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What Messy Desks Say About Your Business
 

Does your office inspire creativity... or convention? The tidiness of your employees' desks may hold the answer.

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Jeff Bezos. Tony HsiehSteve Jobs. All the owners of famously messy desks. Bill Gates and Elon Musk on the other hand? The kings of office clean.

Before you choose which set of entrepreneurs to emulate, you may want to consider this.

The cleanliness of your office space may actually influence the way you--and your employees--work, researchers say. According to a recent study led by Kathleen D. Vohs of the University of Michigan earlier this year, workplace order and disorder each have distinct psychological consequences for office workers.

In the study, researchers designed three experiments to guage the impact of messy and tidy work spaces on office culture. In the first experiment, a group of participants were shown to either a messy or clean desk and asked to fill out a meaningless questionaire. Once they had completed the work, participants were asked to choose between either a healthy snack--like an apple or orange--and a piece of junk food, or to donate a small amount of money to charity.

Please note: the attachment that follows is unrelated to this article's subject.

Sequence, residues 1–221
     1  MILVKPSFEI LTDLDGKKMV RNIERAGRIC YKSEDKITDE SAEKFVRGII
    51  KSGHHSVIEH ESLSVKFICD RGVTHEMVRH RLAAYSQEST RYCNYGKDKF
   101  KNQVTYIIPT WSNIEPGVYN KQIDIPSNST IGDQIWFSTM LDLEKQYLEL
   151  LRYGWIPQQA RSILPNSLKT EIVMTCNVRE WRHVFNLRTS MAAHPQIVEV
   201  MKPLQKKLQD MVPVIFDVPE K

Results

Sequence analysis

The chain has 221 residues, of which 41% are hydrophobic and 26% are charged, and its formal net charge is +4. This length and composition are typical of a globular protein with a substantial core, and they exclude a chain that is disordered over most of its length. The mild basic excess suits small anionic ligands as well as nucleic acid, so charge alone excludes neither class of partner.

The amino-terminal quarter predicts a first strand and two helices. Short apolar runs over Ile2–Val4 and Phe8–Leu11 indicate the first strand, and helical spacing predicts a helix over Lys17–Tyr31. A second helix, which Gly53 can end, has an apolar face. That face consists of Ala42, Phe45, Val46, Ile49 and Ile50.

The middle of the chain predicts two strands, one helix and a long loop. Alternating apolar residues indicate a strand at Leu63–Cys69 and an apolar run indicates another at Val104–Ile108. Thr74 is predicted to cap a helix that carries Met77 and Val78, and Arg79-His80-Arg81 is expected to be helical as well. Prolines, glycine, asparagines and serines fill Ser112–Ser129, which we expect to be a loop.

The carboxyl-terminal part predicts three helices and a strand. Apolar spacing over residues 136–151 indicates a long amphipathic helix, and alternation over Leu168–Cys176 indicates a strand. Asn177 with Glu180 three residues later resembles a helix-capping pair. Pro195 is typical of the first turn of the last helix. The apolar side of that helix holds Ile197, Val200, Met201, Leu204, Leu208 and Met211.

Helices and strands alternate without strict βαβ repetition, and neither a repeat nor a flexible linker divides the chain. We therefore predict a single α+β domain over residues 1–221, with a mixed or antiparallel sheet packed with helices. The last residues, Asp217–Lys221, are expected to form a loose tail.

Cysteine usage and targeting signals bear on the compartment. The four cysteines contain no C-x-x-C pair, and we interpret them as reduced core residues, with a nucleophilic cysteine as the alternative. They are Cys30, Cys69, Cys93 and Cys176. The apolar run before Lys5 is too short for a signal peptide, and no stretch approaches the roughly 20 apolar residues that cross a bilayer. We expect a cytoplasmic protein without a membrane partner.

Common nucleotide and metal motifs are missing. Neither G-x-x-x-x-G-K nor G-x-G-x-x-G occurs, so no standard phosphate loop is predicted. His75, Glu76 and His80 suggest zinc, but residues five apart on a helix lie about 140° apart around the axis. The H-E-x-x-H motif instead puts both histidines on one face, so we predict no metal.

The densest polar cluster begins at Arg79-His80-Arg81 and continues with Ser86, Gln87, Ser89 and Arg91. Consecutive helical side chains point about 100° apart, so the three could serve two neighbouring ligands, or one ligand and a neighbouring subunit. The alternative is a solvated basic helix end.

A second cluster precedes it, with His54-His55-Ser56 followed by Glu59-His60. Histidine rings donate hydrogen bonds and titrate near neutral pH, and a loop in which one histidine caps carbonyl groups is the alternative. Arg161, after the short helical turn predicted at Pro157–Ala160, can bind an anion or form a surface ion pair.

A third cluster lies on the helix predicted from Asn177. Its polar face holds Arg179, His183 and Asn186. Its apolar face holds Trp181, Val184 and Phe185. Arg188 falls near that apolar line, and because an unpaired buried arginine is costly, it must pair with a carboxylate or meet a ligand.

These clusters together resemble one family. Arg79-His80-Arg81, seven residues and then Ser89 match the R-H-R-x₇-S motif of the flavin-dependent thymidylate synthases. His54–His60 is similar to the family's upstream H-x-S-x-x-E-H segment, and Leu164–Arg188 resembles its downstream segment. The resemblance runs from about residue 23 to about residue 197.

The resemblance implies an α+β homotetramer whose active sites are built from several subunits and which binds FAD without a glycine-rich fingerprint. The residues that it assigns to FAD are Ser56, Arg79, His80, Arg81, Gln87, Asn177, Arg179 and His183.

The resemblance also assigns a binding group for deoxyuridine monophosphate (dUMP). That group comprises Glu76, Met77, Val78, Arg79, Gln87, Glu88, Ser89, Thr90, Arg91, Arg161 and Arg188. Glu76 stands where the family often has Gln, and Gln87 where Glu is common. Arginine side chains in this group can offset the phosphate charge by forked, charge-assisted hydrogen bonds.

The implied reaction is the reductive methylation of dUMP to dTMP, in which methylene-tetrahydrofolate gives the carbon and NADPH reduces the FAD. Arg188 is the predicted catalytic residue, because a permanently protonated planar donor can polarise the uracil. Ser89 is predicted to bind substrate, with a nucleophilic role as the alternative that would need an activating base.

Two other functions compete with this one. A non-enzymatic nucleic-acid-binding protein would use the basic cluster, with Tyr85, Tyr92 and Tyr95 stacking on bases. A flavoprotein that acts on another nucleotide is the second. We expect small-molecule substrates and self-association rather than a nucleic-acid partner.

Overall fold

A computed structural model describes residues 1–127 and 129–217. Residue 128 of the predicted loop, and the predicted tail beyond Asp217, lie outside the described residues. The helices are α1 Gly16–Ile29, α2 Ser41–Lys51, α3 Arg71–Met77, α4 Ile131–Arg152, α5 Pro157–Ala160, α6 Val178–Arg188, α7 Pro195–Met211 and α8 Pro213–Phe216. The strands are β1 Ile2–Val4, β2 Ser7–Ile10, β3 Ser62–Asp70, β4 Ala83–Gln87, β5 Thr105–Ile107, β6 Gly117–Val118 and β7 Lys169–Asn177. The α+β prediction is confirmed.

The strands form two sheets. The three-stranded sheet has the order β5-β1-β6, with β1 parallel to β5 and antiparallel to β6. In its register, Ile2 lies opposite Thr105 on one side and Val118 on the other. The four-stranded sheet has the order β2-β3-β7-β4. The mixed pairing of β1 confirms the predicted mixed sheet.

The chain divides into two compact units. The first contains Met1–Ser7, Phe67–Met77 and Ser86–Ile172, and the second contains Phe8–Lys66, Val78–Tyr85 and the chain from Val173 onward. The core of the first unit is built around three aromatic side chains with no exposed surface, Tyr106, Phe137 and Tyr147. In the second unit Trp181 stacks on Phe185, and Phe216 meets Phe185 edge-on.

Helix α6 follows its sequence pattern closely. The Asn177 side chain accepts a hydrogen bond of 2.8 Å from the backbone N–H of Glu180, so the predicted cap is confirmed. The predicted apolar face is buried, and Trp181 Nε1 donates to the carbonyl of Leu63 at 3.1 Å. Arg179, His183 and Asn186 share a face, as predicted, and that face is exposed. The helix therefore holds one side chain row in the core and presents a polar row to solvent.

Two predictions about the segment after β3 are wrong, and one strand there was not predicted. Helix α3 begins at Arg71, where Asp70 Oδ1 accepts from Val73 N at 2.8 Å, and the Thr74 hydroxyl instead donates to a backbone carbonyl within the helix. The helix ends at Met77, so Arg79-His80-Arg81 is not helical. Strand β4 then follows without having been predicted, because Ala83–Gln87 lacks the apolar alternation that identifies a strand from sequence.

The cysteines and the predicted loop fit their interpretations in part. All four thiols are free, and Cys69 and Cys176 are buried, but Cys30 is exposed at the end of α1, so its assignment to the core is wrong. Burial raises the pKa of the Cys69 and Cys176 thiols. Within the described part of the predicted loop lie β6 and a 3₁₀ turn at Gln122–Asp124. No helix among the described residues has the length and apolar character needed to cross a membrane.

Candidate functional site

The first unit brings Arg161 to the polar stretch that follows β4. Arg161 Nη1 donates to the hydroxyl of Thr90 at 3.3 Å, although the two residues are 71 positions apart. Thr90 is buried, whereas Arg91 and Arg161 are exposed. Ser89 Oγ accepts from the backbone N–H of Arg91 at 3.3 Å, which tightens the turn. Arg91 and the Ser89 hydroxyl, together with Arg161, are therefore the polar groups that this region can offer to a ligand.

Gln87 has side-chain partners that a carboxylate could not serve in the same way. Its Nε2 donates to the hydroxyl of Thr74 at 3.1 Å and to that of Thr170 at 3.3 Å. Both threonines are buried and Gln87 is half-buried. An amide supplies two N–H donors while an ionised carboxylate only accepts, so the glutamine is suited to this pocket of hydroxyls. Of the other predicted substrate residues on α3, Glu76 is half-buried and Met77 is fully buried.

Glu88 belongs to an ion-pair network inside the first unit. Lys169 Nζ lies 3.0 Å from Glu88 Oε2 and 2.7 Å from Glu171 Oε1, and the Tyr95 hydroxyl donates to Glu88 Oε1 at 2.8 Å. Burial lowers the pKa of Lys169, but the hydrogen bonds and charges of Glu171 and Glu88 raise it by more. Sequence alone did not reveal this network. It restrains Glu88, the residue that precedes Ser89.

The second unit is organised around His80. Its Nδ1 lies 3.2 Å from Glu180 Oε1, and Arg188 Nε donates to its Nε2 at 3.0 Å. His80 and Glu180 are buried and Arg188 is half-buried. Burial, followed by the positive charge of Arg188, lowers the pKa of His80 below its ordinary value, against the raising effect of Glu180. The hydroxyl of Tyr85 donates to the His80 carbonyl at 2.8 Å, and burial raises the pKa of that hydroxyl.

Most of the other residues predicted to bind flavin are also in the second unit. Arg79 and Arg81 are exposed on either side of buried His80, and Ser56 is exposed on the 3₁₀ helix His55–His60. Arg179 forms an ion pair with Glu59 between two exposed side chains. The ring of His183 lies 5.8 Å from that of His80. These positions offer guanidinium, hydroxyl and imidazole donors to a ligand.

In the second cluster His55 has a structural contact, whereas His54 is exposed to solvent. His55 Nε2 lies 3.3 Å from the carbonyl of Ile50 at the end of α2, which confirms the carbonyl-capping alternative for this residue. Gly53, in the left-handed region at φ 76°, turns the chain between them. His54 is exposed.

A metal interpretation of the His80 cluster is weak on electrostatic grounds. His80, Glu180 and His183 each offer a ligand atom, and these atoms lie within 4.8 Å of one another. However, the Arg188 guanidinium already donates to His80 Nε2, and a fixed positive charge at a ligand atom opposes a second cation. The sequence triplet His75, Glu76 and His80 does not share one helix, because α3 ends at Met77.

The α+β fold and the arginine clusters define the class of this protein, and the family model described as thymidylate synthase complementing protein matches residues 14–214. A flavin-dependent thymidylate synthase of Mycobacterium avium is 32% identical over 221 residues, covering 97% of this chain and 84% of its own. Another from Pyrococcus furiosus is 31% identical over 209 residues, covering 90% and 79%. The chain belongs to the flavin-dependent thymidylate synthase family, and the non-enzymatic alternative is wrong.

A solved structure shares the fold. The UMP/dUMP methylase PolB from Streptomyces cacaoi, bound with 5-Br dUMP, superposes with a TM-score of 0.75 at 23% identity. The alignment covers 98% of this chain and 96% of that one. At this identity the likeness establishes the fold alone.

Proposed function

Researchers found that participants at the clean desks were more likely to opt for a healthy snack or to donate to charity than their messy desk counterparts.

"Being in a clean room seemed to encourage people to do what was expected of them. Compared with participants in the messy room, they donated more of their own money to charity and were more likely to choose the apple over the candy bar," the authors noted.

In the second experiment, researchers asked participants in both messy and clean spaces to come up with as many uses for a ping-pong ball as they could imagine. The result: Participants seated as messy desks were able to come up with more creative uses for the toy than their uber-clean compatriots. So if compliance and healthy behavior is something that your company values, perhaps a minimalist space is the way to go. If creativity is the ultimate goal, however, you probably shouldn't discount a messy space just yet.

"Being creative is aided by breaking away from tradition, order and convention, and a disorderly environment seems to help people do just that," the authors concluded.

IMAGE: Corbis
Last updated: Aug 7, 2013

FRANCESCA FENZI reports on entrepreneurship, technology and small business news from San Francisco. Her work has previously appeared in TIME, USA Today, Pop City and The Northside Chronicle.
@FrancescaFenzi




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